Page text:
Potters have been making pots for a long time, and they have been thinking about what it means to make pots for a long time, but in Contemporary Pottery: Functional and Conceptual Considerations for Handmade Pottery, we have asked several makers of contemporary pottery about specific pottery forms they make and why. Pottery made by hand requires conscious decision making about design, form, surface integration, materials, and techniques at every step in the process — and for every single pot — so each combination can results in completely different results. Handmade pottery can mean different things to different people, and these contemporary potters all bring something insightful to the table.
Here is an excerpt from Contemporary Pottery: Functional and Conceptual Considerations for Handmade Pottery:
Last year, I worked in Matt Kelleher and Shoko Teruyama’s studio in the mountains of western North Carolina. During the winter months, I was unable to drive to the studio because of the heavy snowfall and steep winding driveway, so I walked. Each morning I would pack a lunch and fill a thermos with coffee or tea for the long studio day ahead. The long trek gave me time to think about the pots I would make that day. After a while, I recognized my own habit of carrying the thermos and I began thinking about the challenges and possibilities it could hold as an object made of clay.
I enjoyed solving the problems of making double-walled vessels. The technical challenges made the process of invention fun. Brainstorming several possible ways to create a thermos, and the consequential failures and learning curve kept me actively involved in the process. In the end, though, with the technical problems resolved, I am much more interested in the aesthetic issues and the roles such pots play in our lives.
Finely crafted, thoughtfully made pottery can contribute to a renaissance of tradition and habit. My hope is that the pots I make can play a role and be a factor in a renewal of ritual. I strive to create pottery that is both considered and balanced, containing a healthy dose of spirit and care.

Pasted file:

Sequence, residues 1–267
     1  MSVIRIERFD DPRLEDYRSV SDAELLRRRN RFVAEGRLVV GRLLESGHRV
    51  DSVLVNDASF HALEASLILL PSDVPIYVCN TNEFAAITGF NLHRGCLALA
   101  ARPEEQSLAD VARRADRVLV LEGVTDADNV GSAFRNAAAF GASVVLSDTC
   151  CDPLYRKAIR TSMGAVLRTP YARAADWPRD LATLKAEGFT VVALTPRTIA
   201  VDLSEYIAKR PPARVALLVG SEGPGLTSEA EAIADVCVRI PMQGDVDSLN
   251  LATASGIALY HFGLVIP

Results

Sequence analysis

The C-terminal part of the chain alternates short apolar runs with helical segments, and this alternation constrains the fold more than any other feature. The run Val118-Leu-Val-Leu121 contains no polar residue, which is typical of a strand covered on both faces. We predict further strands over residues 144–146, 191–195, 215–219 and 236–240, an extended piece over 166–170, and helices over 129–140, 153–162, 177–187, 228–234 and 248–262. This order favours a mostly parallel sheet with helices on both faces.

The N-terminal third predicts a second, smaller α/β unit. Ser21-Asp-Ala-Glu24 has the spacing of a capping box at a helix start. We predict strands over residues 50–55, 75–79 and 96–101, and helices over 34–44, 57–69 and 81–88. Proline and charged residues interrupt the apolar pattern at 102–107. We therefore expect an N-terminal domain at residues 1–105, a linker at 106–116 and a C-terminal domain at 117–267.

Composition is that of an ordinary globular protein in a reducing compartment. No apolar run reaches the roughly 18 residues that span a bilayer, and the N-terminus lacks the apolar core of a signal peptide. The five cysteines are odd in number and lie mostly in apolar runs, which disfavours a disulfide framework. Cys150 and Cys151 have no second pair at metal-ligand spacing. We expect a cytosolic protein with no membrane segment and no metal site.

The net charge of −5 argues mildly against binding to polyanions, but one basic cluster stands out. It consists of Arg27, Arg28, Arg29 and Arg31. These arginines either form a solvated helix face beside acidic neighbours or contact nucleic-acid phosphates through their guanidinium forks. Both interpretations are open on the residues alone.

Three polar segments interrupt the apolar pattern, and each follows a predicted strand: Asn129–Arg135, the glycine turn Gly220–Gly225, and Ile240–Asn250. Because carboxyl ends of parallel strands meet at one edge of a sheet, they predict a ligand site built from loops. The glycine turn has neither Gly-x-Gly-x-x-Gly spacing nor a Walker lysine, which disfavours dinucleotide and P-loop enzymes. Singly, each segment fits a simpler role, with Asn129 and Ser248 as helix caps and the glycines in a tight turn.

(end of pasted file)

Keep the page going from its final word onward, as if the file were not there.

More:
Many of the forms I’m interested in are built around the act of consuming and sharing liquids. I make coffee pots, lidded pitchers, teapots, and thermos sets. Part of my interest in these forms revolves around how much I enjoy drinking coffee and tea. I am very curious to explore how these forms function. I find it challenging to build such complex pots, with so many different elements needing to harmonize, allowing it to function both visually and physically. Clay allows me to play with the physical language of these forms. When I throw or handbuild, I’m engaged in the conversation. Curiosity often pushes the dialog, while the desire to find something new guides me forward.
I start off by throwing two cylinders. The first is made with a flange at the base. After I measure it with calipers, I throw the second cylinder about two inches taller, and make the interior about ½ of an inch wider than the exterior of the first. Once they have set up a bit, I slide the larger over the smaller one and connect them at the base. Next, I roll a coil and connect the two walls inside at the top of the inner wall. The pot then goes back to the wheel where I collar in the neck above the double wall and finish the forming at the top. I throw a ridge in the shoulder to fit the lip of a mug, and I measure that before I throw the mug to fit the ridge. Once everything fits, I add texture, line, and handles to both the mug and thermos.
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